For over a century, the sad story of the RMS Titanic has gripped the attention of the world. As yet there are quite a few stories from that infamous April night that stay relatively unknown. For example…
9 The Weather Was Perfect
It is easy to visualize the Titanic raging against huge waves, with rain and fog concealing the iceberg that sent her to the watery grave. In actuality, the opposite was in fact true.
As the Titanic sailed forward to her demise, the weather was perfect, and eerily calm. With no waves or wind, the sea was stretched out like a flawless mirror, the solitary ripples within the water were coming from the ship herself and she coasted along. That perfect weather might have just been the cause of her demise.
It is claimed by meteorologist Edward Lawrence, that even a gentle swell could have been adequate to push phosphorescent plankton close to the border of the iceberg. The plankton, which glows intensely when they are disturbed, could have in essence outlined the hazard for the watchman on the Titanic. The ship’s second mate (second officer), Charles Lightoller, specifically mentioned the lack of glowing plankton which could have been one of the reasons for the disaster.
Regrettably, by the time the iceberg was sighted, there was no time to avert the collision. The 1912 inquiry into the sinking discovered that the Titanic had only 37 seconds to attempt to alter their course, even though a more recent assessment of the evidence proposes it was really a little over a minute. No matter, the ship was doomed. After the ship had sunk into the freezing cold water; a bitter wind blew around, making the passengers struggle even more for survival.
8 It Was On Fire the Whole Trip
Not long before her fateful maiden journey, a fire started in the Titanic’s coal bunker. As disclosed during the British questions into the catastrophe, the flames continued to rage when the ship sailed out for New York, causing a potentially hazardous condition for those on board.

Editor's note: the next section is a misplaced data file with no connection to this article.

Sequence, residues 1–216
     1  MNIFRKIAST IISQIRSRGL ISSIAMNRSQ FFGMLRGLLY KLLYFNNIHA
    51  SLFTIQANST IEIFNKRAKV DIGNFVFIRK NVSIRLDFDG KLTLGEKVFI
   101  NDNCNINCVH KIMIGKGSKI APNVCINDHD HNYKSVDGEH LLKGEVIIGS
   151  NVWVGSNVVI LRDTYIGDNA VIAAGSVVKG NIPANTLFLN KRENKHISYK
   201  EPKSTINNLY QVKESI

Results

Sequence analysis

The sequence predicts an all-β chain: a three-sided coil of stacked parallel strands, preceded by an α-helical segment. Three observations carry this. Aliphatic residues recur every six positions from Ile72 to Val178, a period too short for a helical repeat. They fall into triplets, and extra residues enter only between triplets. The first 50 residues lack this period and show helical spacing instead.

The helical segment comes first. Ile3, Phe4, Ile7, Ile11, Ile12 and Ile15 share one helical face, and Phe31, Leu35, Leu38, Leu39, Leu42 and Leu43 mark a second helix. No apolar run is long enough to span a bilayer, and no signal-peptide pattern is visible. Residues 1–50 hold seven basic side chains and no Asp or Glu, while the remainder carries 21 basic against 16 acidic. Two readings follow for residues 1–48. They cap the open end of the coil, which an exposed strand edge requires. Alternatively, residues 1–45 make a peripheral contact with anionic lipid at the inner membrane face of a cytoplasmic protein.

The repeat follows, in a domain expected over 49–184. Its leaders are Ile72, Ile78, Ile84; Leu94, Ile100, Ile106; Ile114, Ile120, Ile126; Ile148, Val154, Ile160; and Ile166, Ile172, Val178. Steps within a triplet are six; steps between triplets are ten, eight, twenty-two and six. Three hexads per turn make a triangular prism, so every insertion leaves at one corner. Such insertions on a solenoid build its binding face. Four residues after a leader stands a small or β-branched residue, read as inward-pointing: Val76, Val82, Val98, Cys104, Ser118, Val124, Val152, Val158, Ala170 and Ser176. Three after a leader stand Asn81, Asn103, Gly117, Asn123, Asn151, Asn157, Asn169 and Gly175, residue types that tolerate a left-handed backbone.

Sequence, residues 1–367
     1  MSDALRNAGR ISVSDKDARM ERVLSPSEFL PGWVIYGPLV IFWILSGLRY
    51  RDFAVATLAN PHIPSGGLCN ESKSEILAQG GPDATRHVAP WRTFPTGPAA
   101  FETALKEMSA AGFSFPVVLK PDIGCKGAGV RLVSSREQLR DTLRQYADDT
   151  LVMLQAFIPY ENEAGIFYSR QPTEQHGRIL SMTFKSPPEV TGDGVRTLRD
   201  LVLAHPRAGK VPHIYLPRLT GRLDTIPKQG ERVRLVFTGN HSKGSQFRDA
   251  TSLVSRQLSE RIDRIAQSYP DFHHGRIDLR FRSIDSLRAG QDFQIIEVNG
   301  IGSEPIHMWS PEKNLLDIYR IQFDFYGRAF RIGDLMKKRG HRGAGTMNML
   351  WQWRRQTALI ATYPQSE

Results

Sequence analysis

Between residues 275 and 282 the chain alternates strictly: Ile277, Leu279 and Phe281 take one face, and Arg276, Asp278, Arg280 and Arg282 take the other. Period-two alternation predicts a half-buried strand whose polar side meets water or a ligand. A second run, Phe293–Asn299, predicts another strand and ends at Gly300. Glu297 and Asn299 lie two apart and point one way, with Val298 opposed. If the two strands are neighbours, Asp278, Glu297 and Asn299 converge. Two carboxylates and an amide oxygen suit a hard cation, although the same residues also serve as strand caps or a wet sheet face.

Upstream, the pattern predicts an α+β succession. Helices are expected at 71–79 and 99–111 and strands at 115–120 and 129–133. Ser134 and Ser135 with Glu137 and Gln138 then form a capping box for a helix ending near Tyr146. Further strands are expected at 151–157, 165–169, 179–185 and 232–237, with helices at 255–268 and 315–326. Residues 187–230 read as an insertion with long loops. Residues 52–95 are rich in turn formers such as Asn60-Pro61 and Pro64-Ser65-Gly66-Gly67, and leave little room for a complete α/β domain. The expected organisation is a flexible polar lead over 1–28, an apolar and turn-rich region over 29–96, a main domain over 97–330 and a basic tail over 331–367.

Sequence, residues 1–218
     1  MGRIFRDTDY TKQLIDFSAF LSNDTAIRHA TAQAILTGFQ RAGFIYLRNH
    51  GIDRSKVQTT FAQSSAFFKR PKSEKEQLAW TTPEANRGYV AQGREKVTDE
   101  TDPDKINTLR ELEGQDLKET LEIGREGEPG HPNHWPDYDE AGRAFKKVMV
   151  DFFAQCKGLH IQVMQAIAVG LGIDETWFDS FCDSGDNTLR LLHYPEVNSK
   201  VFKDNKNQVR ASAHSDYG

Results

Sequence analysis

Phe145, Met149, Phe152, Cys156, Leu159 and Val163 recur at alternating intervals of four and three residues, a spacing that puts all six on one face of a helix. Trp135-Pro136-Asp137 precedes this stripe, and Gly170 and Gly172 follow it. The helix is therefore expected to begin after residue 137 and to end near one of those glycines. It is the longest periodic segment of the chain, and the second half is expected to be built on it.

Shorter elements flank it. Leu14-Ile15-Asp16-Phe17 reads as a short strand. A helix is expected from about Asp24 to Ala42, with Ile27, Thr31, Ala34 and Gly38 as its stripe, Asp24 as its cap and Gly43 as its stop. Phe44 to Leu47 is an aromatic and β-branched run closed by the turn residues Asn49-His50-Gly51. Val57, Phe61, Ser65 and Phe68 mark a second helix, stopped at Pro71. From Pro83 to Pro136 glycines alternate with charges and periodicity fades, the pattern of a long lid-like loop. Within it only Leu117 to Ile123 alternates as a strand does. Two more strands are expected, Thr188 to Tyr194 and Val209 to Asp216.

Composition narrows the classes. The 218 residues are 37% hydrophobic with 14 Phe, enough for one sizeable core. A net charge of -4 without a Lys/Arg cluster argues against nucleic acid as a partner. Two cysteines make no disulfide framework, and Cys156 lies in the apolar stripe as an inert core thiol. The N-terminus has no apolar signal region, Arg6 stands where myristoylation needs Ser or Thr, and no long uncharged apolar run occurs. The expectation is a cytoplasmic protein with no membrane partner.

Claimed by the surviving stoker J Dilley, “We didn’t get that fire out and among the stokers there was talk that we’d have to empty the big coal bunkers after we’d put the passengers off in New York and then call on the fireboats there to help us put out the fire.”
That did not turn out to be essential, since Dilley claimed the flames had been extinguished when the iceberg sliced through the hull, and the bunkers overflowed with seawater.
According to other crew members, the fire was extinguished successfully the day before the ship bashed into the iceberg. Either way, the Titanic was on fire for nearly the whole voyage. This was not certainly disastrous, since the bunkers were designed to handle coal fires.
Though it definitely increased the risk of the trip, and White Star Line director Bruce Ismay later alleged that the ship’s holder, J.P Morgan, made the crew sail at full velocity in order to “reach New York and unload all the passengers before the inevitable explosions occurred.” Morgan himself was schedule to sail on the Titanic, but changed his mind at the last minute and pulled out.
7 The Tragic Foresight of William T. Stead
In the year of 1886, the legendary journalist William T. Stead composed a fictional story around an Atlantic mail streamer sinking after a collision, with almost all of the passengers drowning due to the lack of lifeboats. Stead meant for the story to attract attention to the lax nautical standards, which generally did not require ships to transport an adequate amount of lifeboats for every person on board.
Stead revisited the topic in the year of 1892, with a work of fiction based on the White Star Line’s Majestic. In the climactic chapter, the ship is crossing the Atlantic filled with tourists. When abruptly:
‘There was a sound as if the steamer was crashing through ice and the screws were churning amid ice blocks. Passengers felt their way cautiously to the deck. It was wet and clammy and bitterly cold. Every half-minute the fog whistle blew. The crashing of ice against the sides of the ship and clamping of ice under the screws made it difficult to speak so as to be heard. Then there came a cry: ‘Icebergs on the starboard.’
Two decades late, Stead had lost his own life being a passenger on the Titanic. The liner only carried 20 lifeboats, scarcely enough for half the passengers aboard the Titanic.
6 The Captain Failed His Navigation Test
Edward John Smith, the sea captain of the Titanic, has been the subject of numerous tales since the night he went down with his ship. Many that he personally rescued a child’s life before vanishing into the Atlantic. However, it has been said that this heroic image was not the complete truth.
Captain Smith not only ignored countless ice warnings, but failed to keep the ship at a sensible speed. He also permitted lifeboats to leave the ship half empty. The first boat to leave merely had 27 passengers, but 65 seats were available. In addition, Smith failed to supply a distinct “abandon ship” order, which led to countless passengers not knowing the graveness of the situation they found themselves in.
In the year of 2012, it was disclosed that Smith actually failed his navigation test the first time he took it. He did later pass the test in the year of 1888, but that first failure was possibly a bad omen. Ironically, before the Titanic catastrophe, Smith had earned the nickname of “the millionaire’s captain” in regards to his report for smooth dependability.
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